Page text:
A meteor streaks across the English sky on January 21, 2020.
Image: Christopher J. Small

Check out this incredible photo of a streaking fireball, which appeared over England last week.

The photo, captured by Christopher Small, was taken in Bude, a seaside resort town in northeast Cornwall, England, reports the European Space Association (ESA). The stunning sight appeared 36 minutes before the stroke of midnight on January 21, 2020.

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The meteor was so bright that it lit up the Atlantic surface and the lobster traps in the foreground. The event was spotted by at least five skywatchers, including an observer as far away as London, as chronicled by the International Meteor Organization.

Map showing the trajectory of the meteor and five locations from which it was spotted.
Image: International Meteor Organization

The term “fireball” may seem fanciful, but it’s a bona fide astronomical designation. Fireballs are classified by the American Meteor Society as “a very bright meteor, generally brighter than magnitude -4,” which is the same brightness as Venus in the morning or night sky.

Some meteors (not this one) have the added notoriety of being classified as bolides. That’s a special type of meteor that explodes during entry through the Earth’s atmosphere, after which its fragments fall down onto the surface. The Chelyabinsk meteor is a notable bolide in recent memory; it famously exploded above Russia on February 15, 2013.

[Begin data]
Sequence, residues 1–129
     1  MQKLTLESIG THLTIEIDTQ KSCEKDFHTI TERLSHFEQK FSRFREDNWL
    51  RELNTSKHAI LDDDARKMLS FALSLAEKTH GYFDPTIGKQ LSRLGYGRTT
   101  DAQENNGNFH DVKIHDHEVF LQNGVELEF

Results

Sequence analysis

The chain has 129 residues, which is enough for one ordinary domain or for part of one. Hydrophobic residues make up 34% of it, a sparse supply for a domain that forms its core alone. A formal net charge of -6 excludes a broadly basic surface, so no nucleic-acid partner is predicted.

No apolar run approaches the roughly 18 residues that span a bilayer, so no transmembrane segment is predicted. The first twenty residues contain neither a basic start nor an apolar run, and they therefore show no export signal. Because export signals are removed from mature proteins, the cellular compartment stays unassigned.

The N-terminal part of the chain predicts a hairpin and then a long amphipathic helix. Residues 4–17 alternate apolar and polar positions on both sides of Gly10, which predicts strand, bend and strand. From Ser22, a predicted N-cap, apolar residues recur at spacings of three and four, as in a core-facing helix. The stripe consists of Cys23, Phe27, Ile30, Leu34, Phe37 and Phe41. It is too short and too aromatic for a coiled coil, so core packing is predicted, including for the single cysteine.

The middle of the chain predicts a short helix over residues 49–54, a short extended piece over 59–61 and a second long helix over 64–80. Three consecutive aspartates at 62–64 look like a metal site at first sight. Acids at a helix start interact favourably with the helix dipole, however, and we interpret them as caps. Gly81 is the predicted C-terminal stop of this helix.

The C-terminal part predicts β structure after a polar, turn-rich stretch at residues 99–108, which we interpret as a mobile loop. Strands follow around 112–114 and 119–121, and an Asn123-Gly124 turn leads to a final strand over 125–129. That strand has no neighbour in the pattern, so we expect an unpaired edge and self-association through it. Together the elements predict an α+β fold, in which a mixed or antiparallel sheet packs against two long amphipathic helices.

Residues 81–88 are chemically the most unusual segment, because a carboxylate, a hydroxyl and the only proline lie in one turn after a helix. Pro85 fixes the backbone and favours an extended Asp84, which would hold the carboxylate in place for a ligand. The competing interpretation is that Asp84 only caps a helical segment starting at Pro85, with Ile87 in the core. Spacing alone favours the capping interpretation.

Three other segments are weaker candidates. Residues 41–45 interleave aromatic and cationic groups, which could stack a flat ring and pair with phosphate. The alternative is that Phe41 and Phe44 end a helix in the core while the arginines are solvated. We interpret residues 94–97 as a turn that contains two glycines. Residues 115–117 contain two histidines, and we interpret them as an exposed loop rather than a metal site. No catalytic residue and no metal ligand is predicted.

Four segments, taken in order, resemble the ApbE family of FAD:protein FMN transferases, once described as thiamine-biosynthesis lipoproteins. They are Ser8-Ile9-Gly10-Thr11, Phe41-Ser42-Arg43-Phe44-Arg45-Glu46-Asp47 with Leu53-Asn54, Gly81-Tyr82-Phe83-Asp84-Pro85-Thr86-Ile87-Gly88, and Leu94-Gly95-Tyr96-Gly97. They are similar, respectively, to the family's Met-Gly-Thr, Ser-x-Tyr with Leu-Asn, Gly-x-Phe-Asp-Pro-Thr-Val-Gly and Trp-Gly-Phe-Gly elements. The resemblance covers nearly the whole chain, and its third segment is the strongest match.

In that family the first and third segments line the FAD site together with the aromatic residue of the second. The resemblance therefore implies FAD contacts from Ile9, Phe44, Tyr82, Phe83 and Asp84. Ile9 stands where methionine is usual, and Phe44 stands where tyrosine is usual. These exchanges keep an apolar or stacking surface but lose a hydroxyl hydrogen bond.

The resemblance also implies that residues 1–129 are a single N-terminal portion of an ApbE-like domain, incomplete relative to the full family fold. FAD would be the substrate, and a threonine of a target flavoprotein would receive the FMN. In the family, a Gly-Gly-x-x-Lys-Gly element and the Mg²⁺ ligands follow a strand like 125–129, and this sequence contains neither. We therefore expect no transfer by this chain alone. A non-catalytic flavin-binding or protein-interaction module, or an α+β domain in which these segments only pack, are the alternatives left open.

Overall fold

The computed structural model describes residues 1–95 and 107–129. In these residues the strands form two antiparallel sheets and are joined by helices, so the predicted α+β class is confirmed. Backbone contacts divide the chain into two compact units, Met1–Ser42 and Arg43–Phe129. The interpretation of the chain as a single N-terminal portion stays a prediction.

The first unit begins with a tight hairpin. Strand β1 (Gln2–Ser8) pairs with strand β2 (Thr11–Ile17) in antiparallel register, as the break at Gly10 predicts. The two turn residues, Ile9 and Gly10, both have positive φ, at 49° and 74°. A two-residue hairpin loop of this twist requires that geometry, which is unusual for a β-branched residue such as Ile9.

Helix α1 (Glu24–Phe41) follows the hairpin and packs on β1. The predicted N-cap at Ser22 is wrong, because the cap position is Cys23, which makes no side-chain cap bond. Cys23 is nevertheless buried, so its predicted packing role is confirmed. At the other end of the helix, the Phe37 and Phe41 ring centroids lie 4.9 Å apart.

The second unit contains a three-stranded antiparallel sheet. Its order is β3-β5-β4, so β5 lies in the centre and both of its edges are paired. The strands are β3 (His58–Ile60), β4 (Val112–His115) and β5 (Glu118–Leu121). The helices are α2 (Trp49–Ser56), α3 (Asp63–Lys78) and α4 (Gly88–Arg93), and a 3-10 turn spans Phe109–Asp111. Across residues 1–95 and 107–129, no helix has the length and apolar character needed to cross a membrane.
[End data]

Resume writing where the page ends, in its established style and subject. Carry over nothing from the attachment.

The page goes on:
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Meteors aren’t anything particularly special, and most of us have managed to see these so-called “falling stars” with our own eyes. According to the ESA, our planet accumulates celestial material to the tune of 54 metric tons (59.5 U.S. tons) each year, arriving as interplanetary dust, meteoroids (objects smaller than 1 meter), and asteroids (objects bigger than 1 meter). Hundreds of fireballs strike Earth each year, according to the ESA. This particular fireball appears to have been a big meteoroid, possibly reaching a full meter in width.

Small, who took the image, told the ESA that he spends a lot of time photographing the night sky, but he’s never seen anything quite like this. The fireball “was incredible, and lit up the entire coast almost as bright as daytime for a few seconds,” he said. “There were beautiful green and blue colours.”

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That vivid greenish-blue tinge of the fireball and its streak can be attributed to oxygen atoms in the sky, which were “excited” by the heat emanating from the incoming meteor. This caused the oxygen atoms to glow in shades of green and blue, in a process similar to how charged particles from the Sun cause auroras—including the newly discovered green auroral form dubbed “the dunes.”

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You can check out more photos from Christopher Small at his website, Ocean and Earth Photography.

George is a senior staff reporter at Gizmodo.

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